January 18, 2012
CBS This Morning and Today: New Kid vs. 60-Year-Old Whiz Kidby Rebecca Paller
Okay, okay. I admit it. I grew up watching the Today Show in the 1960s and 1970s, and—since old habits die hard—it’s still the first thing I turn on in the morning. I actually turn on Today before I make the coffee or get into the shower.
It’s simply a habit I can’t shake. I can still rattle off the interviews that I enjoyed as a kid: Hugh Downs talking to Toscanini’s grandson, Walfredo, on the occasion of the legendary maestro’s hundredth birthday in 1967. Barbara Walters (pictured right with Gene Shalit) chatting with Colleen Dewhurst in 1974, around the time the actress won a Tony Award for A Moon for the Misbegotten. (I can still hear Ms. Dewhurst’s hearty, infectious laugh in my mind’s ear.) There was also an entire two-hour program devoted to Noël Coward. Coward in the morning—it would never happen today.
Don’t get me wrong—I have gripes aplenty about Today. Ann Curry, nice as she seems, does not have the charisma of her illustrious predecessors. (I cringe when she gets that “sad sympathy” tone in her voice, like she did when she talked about Elizabeth Taylor several months after the star’s death.) “The Professionals” segment with Star Jones, Dr. Nancy Snyderman, and Donny Deutsch annoys the hell out of me. (Donny Deutsch giving dating advice?!) And I hate when the whole Today gang gathers around the stove during a cooking segment to taste and comment on the finished product.
But still, like most Today Show devotees, I would never think of changing the channel—even when Willard Scott is bungling the names of hundred-year-old people or Al Roker is cooing to yet another beautiful baby being held aloft by a doting parent in the crowd outside Rockefeller Center.
Nevertheless since last Monday my curiosity has gotten the better of me, and I must confess that I’ve been switching the TV back and forth between Today and CBS This Morning.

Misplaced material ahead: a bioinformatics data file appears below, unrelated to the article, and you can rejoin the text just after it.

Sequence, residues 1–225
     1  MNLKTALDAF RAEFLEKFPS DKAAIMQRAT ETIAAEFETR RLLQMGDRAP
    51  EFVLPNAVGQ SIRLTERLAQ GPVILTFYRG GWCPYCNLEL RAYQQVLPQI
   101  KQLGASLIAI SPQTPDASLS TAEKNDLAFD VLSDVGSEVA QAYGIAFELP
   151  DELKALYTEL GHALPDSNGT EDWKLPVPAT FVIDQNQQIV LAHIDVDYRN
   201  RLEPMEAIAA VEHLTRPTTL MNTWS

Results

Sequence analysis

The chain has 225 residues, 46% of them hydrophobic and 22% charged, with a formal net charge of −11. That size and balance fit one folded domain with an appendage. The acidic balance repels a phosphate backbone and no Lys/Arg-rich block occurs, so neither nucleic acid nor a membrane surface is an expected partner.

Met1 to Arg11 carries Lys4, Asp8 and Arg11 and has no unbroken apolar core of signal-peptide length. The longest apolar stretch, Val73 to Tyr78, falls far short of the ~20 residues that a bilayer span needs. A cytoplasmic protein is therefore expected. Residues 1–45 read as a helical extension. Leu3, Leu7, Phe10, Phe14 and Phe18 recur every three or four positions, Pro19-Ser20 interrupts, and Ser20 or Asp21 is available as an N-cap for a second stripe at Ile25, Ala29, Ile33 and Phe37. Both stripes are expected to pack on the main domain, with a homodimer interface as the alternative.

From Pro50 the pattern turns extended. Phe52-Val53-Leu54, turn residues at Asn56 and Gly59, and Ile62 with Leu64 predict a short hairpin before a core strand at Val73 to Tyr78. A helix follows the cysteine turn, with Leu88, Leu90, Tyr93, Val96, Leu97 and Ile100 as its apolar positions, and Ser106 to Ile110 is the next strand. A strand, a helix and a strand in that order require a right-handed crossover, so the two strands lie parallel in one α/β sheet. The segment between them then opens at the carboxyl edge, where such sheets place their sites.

It’s easy to be coy about the new team on CBS. Charlie Rose has been wearing ties that match Gayle King’s dresses—royal blue one day, coral another. Ms. King’s interview with Michelle Obama was stretched out for several days—and would have been more effective if it was shown on a single morning. There have been way too many interviews with CBS primetime stars (Julianna Margulies, Simon Baker, Marg Helgenberger). And the third coanchor (Erica Hill, a holdover from the previous incarnation of CBS This Morning) seems to get the cast-off interviews that Charlie and Gayle don’t want.
But then again the 90-second news summary that opens the show at 7 a.m. is informative, offbeat, and entertaining—and Tuesday’s story on Stephen Colbert’s Super PAC was a real hoot (with Rose adding a bit of gravitas at the end of the story as he put Colbert’s political high jinks into perspective: “If you are part of the conversation, you’re having impact”).
And if Wynton Marsalis’s beautifully produced segment on Martin Luther King on Monday didn’t pack quite the wallop of the more informal segment airing opposite on Today—Al Roker interviewing Octavia Spencer, who won a Golden Globe the previous night for her role as a maid who gets delicious revenge in The Help—it wasn’t the fault of CBS.
It’s simply that Today, which celebrated its 60th birthday in glorious fashion last Friday (the only day I did not sneak a peek at CBS This Morning), created and has mastered the formula for morning news entertainment shows. And for a host of reasons, people keep tuning in.
Before joining the Paley Center in 2000, Rebecca Paller was associate editor of Where Magazine in New York and Northern Ohio Live in Cleveland. She has written about the arts for publications including Opera News, American Theatre, Vogue, and Playbill.Interests:
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